Exploring phosphate effects on leaf flammability using a physical chemistry model

Fiona R. Scarff*, Brian F. Gray, Mark Westoby

*Corresponding author for this work

    Research output: Contribution to journalArticlepeer-review

    13 Citations (Scopus)


    Some plants have traits that cause them to be more flammable than others, influencing wildfire spread and fire regimes. Some of these plant traits have been identified through laboratory-scale experiments. We built a numerical model that could quantify the extent of these effects on flammability. Here we present that model and use it to investigate the effect of phosphate content on the flammability of leaves. The model used finite-element methods and was based on heat transfer and thermal decomposition kinetics. Predictions were compared with three laboratory experiments involving ignition of leaf or cellulose samples. We then ran simulations of two situations through which leaf phosphate could influence wildfire spread: horizontal fire spread and crowning. The ignition time and maximum fuel gap that could be bridged by a flame front was predicted. Two key results emerged. (1) The importance of leaf phosphate in laboratory studies of ignition depends on the rate of sample heating, with the strongest effect under slow heating. (2) In the context of wildfires, phosphate was predicted to have modest effects compared with other plant traits influencing moisture content, leaf construction and angle of display. Journal compilation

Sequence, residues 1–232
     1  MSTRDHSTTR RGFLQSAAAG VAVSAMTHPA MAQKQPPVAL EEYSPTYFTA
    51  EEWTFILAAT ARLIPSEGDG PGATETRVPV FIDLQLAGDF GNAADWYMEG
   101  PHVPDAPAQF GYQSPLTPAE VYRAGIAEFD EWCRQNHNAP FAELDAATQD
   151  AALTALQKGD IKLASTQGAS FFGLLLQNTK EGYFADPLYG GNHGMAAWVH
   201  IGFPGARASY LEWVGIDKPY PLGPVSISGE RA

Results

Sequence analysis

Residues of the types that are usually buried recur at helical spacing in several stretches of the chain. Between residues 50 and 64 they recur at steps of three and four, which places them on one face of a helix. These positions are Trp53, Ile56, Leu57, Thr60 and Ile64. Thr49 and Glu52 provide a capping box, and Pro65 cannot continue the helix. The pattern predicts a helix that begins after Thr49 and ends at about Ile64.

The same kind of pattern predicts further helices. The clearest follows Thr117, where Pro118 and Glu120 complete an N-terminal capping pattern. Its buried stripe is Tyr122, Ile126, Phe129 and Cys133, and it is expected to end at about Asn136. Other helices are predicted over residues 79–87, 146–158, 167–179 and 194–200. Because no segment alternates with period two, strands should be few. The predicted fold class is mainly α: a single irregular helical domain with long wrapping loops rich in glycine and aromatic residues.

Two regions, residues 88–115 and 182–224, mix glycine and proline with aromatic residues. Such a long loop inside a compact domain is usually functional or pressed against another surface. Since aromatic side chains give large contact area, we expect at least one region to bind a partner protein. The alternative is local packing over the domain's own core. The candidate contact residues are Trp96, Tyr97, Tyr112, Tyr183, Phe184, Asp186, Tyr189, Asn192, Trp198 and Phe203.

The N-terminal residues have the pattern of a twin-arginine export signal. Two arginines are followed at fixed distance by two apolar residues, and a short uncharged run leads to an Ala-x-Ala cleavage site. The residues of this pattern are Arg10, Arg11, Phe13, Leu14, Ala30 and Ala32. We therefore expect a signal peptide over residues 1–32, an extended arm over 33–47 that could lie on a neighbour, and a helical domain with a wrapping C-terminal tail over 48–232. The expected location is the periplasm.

Original languageEnglish
    Pages (from-to)1042-1051
    Number of pages10
    JournalInternational Journal of Wildland Fire
    Issue number8
    Publication statusPublished - 2012


    Dive into the research topics of 'Exploring phosphate effects on leaf flammability using a physical chemistry model'. Together they form a unique fingerprint.

    Cite this